The problem with asking women to create their own representation

Wmc Fbomb Wonder Woman Flickr 121317

As a writer, when I sit down to work, I just want to get my ideas down on a page and lose myself in the story I create — not stop to think and overanalyze what I’m writing while I do. But often it seems I have no other choice. As a woman, I am paralyzed by the fear of failing to write a character that female spectators can both relate to and be inspired by. I question my every move, like whether my character is too much of a cliché — the manic pixie dream girl, the femme fatale, the cold careerist, the damsel in distress. I become so engrossed with writing a female character that is realistic and moving without misrepresenting the female experience in any way that I then lose all my nerve.

I have witnessed female writers around me experience the same phenomenon. When we talk about increasing and diversifying female representation in Hollywood, it seems it is women who feel the most pressure, who feel the most responsible, to counterbalance this misrepresentation by giving voices to a wide range of characters of different colors, ages, sexualities, and backgrounds. While Amazonian warrior Diana may be able to lift large weights, the brunt of bringing an unprecedented female superhero to life is a lot to ask of mere mortal Wonder Woman director Patty Jenkins. Broad City’s Ilana Glazer and Abbi Jacobson were likely also met with difficulty when writing dynamic and unconventional female leads. The Bold Type creator Sarah Watson probably felt a similar pressure while creating a show that is not only meant to empower women but also includes a strong LGBTQ+ romantic subplot.

While female writers and writers of color are taking up the mantle of changing media representation, white male writers don’t make this work any easier: They still get away with creating women who are psychotic, dumb, weak, or serve as little more than an object of sex, if they serve any purpose at all. In the 2017 film The Layover, the lead females objectify themselves and become catty and manipulative in the process of trying to win over a man they just met. Harley Quinn, as she was depicted in Suicide Squad, was an unstable, often feebleminded follower of the men around her, especially Joker. Blade Runner 2049 represents women as either prostitutes or holograms that exist only to serve the men.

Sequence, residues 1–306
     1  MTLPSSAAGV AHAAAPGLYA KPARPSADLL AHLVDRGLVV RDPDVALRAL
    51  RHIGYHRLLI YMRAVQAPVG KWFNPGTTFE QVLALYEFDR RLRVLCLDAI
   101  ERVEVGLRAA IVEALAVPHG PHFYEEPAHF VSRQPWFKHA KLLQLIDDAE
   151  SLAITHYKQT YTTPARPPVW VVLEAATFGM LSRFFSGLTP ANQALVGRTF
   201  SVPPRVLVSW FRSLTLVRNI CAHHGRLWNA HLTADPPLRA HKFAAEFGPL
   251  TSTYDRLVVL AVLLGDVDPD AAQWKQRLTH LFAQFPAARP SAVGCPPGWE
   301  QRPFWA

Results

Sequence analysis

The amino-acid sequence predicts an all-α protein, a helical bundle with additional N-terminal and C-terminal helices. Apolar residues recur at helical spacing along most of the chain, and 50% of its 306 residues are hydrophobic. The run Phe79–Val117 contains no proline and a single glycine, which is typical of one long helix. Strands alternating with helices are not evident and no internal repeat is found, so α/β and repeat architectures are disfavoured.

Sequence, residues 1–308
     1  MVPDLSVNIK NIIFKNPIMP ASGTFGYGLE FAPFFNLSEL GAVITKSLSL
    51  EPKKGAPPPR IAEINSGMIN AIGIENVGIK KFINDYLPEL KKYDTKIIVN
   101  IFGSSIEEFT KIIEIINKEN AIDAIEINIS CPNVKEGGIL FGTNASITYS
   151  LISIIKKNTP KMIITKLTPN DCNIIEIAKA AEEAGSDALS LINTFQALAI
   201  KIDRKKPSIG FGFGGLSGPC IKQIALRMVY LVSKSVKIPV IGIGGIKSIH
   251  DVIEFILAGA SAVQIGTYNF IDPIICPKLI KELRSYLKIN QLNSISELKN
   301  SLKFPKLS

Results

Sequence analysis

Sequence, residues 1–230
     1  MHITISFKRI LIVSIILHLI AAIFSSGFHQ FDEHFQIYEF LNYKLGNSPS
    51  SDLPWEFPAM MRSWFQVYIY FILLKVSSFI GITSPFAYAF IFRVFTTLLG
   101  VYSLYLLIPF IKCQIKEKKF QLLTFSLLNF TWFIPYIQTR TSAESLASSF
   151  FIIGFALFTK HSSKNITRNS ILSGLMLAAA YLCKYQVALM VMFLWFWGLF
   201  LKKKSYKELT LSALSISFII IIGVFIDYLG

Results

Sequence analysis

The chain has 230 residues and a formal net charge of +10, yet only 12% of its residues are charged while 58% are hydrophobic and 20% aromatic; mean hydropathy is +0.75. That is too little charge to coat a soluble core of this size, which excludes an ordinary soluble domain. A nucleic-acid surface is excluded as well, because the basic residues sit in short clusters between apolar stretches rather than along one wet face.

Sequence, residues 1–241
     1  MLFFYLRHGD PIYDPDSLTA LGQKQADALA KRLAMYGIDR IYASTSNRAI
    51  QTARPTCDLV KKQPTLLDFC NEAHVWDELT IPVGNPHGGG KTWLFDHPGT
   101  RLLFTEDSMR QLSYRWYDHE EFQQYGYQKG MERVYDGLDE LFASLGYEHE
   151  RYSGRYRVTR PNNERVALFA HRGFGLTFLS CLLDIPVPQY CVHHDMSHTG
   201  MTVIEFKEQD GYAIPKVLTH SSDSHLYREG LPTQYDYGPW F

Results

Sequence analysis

And, despite increased rhetoric about inclusion in Hollywood, these men still completely dominate the industry. Only 8 percent of directors and 10 percent of screenwriters for the top 100 grossing films of 2017 were women, as were only 28 percent of all creators, directors, writers, producers, executive producers, editors, and directors of photography working on broadcast network cable and streaming programs.

What’s more, these game-changing writers and the films they help create still aren’t receiving the recognition they deserve for their work. Take this year’s awards, for example. To be fair, the 2018 cinematic awards were a step in the right direction: Greta Gerwig’s Lady Bird received nominations for both Academy Awards and Golden Globes, and female co-written films The Shape of Water and The Big Sick were also widely recognized. Television has similarly shown some progress, with the premieres of female-centered shows like The Handmaid’s Tale and Big Little Lies. But this year also marked the first in nearly a decade in which a female was nominated for Best Director, and she didn’t win. Of the nine Best Picture nominations, only three centered on the life of a woman, one of which focused on her relationship with a fish who is very explicitly male. While women were present in the remaining nominated films (except Dunkirk), they generally existed in the narrative to support a male protagonist’s struggles.

Ultimately, no male writers are told to go out there and write better male characters. While we absolutely should be calling for more stories written by and about women, it also should not be female writers’ duty or obligation. Women should be allowed to tell the stories they want, not create portrayals to amend a problem men created. Neither those who produce nor those who consume media should rely on women alone to guide men out of the traps that they set for all of us. At a time when so many parts of a woman’s life may feel like a constant battle, we must try to find a place where the voice of women can be raised not in defense, but in expression.

More articles by Category: Arts and culture, Media
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Caterina Viscito
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